30th December 1916

At Kingston. A native fishing off the ship this morning caught a huge tarpon. The fish took him 20 minutes to get it into the boat, and only the skill of the fisherman saved his line from breaking and losing the fish. He brought it on board and the officers took photographs of the fish but would not buy it. The fish weighed 72 lbs and was 4 ft 6 ins long and about a foot in width, with a huge head. One of the stokers bought the fish for 8/- and afterwards cut it up into 10 lb pieces, making a profit of 16/- on the transaction – good biz eh? The scales of this fish are very large and pretty, in shape like an oyster shell, in appearance like mother-of-pearl. I have got one of the scales for a curio, in fact most other fellows have and no scales were left on the fish about half-an-hour after it was bought. I wish I had some plates or films, it would have made a splendid photograph.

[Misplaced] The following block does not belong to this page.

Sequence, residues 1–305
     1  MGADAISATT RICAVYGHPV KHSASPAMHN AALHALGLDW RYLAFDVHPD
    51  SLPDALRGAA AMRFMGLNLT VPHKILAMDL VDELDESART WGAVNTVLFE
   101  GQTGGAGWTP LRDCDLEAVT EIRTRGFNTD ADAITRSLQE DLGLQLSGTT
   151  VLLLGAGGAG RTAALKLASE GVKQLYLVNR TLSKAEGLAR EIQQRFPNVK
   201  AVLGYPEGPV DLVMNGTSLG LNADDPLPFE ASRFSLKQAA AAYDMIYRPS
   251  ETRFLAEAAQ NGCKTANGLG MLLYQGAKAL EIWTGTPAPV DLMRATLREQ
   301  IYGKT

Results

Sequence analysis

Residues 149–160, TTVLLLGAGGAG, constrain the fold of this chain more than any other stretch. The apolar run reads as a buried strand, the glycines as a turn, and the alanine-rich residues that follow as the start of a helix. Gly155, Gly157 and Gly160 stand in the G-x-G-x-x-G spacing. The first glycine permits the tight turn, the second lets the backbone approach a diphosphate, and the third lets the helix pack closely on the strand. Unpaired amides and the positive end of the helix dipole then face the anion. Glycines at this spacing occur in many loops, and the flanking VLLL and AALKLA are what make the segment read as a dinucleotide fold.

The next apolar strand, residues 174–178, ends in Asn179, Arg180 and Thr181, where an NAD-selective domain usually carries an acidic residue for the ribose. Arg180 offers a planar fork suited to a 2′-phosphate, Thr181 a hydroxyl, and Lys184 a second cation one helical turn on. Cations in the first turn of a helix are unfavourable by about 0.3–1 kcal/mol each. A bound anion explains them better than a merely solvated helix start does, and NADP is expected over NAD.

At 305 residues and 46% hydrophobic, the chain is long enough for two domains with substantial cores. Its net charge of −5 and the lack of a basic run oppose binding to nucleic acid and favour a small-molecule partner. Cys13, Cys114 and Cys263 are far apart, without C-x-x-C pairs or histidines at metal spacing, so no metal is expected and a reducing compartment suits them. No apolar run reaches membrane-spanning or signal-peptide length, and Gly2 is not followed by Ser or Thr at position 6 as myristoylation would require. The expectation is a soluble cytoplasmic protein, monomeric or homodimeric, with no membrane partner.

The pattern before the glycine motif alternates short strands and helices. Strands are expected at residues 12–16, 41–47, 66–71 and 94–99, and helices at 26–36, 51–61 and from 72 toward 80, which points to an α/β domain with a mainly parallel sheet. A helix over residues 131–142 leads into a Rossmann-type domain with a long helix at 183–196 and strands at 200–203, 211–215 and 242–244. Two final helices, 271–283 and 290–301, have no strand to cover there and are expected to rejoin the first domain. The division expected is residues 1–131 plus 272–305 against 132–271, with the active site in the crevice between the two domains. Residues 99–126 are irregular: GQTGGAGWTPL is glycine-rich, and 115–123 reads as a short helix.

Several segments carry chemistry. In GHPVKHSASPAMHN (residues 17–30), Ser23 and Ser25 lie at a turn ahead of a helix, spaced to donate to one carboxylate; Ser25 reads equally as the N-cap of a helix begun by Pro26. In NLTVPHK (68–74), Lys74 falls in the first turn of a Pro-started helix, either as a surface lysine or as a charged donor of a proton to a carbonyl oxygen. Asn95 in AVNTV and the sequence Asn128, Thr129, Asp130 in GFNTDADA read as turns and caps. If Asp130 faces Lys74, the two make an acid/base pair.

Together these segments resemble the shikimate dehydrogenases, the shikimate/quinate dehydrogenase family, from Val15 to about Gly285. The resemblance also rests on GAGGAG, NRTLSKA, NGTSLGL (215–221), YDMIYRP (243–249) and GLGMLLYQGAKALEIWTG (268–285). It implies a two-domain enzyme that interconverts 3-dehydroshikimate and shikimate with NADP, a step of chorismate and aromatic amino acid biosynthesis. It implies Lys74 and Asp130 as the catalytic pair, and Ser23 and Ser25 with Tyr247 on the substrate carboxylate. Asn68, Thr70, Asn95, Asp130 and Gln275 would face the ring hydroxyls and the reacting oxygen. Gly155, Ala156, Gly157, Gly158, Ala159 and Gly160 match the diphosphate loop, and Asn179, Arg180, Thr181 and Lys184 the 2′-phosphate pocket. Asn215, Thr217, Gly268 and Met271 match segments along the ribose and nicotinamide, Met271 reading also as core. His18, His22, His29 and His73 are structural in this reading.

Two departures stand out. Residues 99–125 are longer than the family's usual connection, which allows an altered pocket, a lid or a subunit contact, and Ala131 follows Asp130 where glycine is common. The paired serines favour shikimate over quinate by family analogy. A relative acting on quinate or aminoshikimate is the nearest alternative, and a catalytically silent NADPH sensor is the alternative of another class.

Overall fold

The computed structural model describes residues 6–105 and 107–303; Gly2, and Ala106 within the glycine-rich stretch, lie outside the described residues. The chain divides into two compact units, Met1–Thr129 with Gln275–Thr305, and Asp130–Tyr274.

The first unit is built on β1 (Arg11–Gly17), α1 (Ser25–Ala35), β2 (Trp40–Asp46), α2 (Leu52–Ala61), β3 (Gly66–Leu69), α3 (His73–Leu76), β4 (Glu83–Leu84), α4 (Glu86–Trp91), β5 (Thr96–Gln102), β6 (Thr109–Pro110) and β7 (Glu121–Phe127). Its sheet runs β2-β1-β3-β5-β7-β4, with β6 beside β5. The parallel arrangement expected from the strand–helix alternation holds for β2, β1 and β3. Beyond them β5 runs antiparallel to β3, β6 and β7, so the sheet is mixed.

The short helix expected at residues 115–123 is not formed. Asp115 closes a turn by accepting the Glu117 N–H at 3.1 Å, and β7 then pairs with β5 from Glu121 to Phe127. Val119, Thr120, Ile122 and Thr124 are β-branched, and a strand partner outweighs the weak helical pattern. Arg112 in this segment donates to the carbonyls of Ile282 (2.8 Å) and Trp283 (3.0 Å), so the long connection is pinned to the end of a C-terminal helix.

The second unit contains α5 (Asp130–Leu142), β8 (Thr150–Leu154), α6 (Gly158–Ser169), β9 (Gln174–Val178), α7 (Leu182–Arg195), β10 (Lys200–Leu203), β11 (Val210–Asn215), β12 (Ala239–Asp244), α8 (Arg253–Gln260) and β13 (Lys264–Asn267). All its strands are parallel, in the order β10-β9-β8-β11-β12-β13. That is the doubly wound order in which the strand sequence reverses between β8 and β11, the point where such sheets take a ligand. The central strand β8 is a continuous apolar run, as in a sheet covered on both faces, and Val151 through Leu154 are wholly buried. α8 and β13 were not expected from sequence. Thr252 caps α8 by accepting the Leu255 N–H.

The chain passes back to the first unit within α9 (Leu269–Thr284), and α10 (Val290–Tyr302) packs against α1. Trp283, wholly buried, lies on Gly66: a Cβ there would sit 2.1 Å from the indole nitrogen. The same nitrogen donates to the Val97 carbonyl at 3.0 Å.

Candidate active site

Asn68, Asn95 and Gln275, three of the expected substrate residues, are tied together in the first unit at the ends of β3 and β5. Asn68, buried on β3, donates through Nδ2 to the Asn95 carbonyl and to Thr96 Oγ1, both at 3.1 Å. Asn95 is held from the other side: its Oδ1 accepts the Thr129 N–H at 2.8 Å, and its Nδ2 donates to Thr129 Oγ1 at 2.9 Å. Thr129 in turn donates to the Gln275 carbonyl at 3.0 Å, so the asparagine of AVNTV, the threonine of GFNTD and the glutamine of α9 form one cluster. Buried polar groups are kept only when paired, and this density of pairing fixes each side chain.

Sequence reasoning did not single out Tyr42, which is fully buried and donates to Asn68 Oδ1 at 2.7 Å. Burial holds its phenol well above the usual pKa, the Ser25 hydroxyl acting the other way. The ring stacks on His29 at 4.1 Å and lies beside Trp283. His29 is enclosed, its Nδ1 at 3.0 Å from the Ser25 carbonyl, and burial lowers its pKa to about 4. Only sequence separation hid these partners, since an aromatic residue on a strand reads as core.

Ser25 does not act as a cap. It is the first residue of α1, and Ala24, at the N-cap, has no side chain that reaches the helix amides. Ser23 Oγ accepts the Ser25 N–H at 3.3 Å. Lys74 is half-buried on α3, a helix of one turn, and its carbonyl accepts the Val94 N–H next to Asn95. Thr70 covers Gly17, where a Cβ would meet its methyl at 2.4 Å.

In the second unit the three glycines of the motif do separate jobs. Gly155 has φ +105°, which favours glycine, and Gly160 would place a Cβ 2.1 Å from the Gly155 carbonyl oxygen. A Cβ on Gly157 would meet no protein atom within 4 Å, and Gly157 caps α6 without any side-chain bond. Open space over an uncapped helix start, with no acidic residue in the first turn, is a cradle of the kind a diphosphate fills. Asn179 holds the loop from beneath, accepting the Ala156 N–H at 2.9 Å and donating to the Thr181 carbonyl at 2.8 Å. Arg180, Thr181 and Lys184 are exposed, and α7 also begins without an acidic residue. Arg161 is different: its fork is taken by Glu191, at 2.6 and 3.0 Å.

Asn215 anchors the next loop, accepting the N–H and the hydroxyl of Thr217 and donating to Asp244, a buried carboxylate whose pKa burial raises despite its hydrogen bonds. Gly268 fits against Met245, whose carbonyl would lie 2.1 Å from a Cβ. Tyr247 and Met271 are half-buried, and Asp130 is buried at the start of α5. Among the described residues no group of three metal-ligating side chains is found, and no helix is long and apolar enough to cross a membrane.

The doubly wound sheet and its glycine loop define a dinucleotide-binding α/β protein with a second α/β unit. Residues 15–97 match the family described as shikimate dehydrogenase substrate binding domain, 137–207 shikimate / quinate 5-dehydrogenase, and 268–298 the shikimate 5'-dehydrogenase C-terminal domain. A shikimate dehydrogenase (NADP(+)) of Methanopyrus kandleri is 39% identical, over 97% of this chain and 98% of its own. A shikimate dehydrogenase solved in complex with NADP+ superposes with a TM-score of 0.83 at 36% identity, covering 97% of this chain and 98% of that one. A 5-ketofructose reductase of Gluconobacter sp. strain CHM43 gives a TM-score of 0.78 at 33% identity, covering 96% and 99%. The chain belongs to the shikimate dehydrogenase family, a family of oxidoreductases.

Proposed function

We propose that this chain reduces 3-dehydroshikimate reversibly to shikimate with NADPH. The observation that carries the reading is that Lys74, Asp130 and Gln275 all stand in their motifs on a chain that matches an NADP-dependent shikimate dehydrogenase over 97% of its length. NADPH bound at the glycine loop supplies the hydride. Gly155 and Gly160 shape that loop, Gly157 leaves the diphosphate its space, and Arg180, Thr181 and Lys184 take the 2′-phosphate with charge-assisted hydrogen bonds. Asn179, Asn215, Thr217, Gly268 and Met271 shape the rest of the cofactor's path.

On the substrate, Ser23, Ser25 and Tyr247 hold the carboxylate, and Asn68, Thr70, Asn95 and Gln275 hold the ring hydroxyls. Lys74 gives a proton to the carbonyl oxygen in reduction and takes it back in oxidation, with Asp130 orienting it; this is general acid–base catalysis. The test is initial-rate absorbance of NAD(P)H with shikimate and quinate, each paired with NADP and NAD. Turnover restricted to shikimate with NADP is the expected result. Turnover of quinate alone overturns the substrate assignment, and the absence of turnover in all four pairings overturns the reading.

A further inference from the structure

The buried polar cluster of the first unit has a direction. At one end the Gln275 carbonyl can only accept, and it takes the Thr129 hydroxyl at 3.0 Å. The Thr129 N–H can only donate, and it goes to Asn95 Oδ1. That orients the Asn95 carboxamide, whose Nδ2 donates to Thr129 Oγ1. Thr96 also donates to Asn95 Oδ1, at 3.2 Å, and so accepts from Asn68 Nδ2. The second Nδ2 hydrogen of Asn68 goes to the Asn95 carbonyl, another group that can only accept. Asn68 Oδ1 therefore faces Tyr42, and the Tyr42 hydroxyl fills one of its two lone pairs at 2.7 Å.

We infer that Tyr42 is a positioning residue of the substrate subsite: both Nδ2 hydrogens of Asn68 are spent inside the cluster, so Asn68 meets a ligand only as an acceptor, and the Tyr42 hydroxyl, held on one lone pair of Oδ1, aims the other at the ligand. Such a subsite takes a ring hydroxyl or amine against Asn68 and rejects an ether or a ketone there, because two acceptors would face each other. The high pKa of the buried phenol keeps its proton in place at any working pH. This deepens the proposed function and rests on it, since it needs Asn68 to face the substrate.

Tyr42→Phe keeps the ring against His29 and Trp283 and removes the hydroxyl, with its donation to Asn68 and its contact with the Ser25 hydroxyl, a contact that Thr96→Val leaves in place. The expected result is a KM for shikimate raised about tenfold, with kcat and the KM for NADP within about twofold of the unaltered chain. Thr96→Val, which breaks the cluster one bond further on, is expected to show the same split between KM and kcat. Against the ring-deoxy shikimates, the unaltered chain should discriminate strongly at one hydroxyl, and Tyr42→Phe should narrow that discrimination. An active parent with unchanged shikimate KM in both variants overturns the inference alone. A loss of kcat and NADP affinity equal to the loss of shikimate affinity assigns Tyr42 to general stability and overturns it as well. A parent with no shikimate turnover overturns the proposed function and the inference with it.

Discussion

This afternoon I enjoyed a read on the foc’sle in the shade – s’nice. I posted the letters to Jude and Aunt Nina this morning, the steamer leaving later that day. I had intended going ashore this evening, but when the time came to catch the boat I did not feel keen on going, so elected to go and have a swim with the bathing party instead. We went in to the same place as last evening and had a fine time. Several ladies and gentlemen were there bathing too.

The English folk are, as a rule, a fine healthy-looking lot, especially the young ladies. I think it must be due to their liking for the open air pursuits, for they seem very keen on swimming and boat-pulling. It is the usual sight at 7 a.m. to see young ladies pulling around in small boats, some of them being splendid oarswomen. It does one good to see their countrymen and women such fine specimens of the race to which they belong, especially in these climes.

The following was piped this evening: “Mail for England will close at noon on Monday”. A direct mail for England (taking about 13 days) leaves on that day.


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